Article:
Dunstan by Conn Iggulden

‘What is a first line, but a door flung open by an unseen hand?’

England in 937 CE is a divided nation.  Several minor kings and Viking lords rule, each looking to expand his own power and territory. Æthelstan, the king of Wessex and grandson of Alfred the Great, is looking to the north.  Can one man unite the country?

And Dunstan, a fatherless child raised by monks, will play a part.

‘I was just an empty sheet, waiting to be bitten deep.’

Who is Dunstan?  If, like me, you know little about Dunstan here are a few details of his life.  Dunstan lived between C909 and 988 CE.  He was an Abbot of Glastonbury Abbey, a Bishop of Worcester, a Bishop of London and later Archbishop of Canterbury.  Dunstan restored monastic life to England. He was canonised as a saint.  As a monk, he worked as a silversmith and in the scriptorium.  Dunstan was the patron saint of blacksmiths and was involved in designing Glastonbury Cathedral and raising the money to build it.   Dunstan also, and importantly for this novel, served several English kings as a minister of state.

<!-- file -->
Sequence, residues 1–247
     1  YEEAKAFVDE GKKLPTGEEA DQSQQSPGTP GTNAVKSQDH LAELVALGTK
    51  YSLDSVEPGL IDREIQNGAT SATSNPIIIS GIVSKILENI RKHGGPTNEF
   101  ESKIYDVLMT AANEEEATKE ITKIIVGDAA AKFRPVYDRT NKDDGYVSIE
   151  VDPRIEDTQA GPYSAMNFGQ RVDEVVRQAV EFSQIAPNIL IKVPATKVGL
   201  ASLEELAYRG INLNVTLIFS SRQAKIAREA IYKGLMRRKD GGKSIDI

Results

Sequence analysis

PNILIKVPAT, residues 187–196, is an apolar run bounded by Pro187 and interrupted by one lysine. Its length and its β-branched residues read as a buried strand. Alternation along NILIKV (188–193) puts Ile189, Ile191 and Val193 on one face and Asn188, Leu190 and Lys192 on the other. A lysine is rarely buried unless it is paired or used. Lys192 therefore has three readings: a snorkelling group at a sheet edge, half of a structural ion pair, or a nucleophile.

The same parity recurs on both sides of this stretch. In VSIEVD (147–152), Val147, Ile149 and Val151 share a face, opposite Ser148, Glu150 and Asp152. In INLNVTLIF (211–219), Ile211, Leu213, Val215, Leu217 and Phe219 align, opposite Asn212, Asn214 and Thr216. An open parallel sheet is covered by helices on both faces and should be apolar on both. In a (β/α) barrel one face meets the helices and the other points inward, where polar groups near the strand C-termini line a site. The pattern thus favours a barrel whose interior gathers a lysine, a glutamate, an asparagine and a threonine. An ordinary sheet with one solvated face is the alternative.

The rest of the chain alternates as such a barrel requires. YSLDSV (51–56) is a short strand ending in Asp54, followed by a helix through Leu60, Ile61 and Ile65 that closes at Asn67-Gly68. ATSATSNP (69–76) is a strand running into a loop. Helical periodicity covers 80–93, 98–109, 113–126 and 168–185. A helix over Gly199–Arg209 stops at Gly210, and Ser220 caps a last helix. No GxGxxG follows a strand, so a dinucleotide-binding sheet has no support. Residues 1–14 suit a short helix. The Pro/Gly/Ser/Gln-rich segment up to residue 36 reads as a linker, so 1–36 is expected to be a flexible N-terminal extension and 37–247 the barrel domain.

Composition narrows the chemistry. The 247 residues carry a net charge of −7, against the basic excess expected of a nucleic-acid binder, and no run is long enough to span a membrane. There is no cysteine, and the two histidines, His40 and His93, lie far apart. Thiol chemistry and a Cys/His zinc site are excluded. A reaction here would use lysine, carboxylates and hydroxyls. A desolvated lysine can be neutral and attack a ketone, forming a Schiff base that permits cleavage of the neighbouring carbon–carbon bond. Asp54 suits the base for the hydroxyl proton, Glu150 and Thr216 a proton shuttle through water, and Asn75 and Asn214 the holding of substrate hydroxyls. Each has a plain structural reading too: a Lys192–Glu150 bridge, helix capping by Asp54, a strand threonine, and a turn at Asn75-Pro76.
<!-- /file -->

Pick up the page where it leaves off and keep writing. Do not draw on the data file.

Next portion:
In this novel, Mr Iggulden fleshes out what is known about Dunstan to create a plausible (if not always particularly likeable) three-dimensional character.  He is portrayed as a contradictory man, as both murderer and priest, as well as being a liar and a visionary: a man who changed England.

I didn’t like Dunstan as portrayed by Mr Iggulden, but I enjoyed reading this novel.  I’d recommend this to anyone who is interested in reading about 10th century England, in trying to follow the various intrigues as men jostled for power.

Jennifer Cameron-Smith

A NAIDOC Week Language reading list – Things Made From Letters: the Allen & Unwin blog

The first week of July is NAIDOC week, an opportunity to celebrate the history, culture and achievements of Aboriginal and Torres Strait Islander people.  This year’s theme is Our Languages Matter, so we’ve pulled together our a few reads around this year’s NAIDOC week theme for young and old, so you can …

Source: A NAIDOC Week Language reading list – Things Made From Letters: the Allen & Unwin blog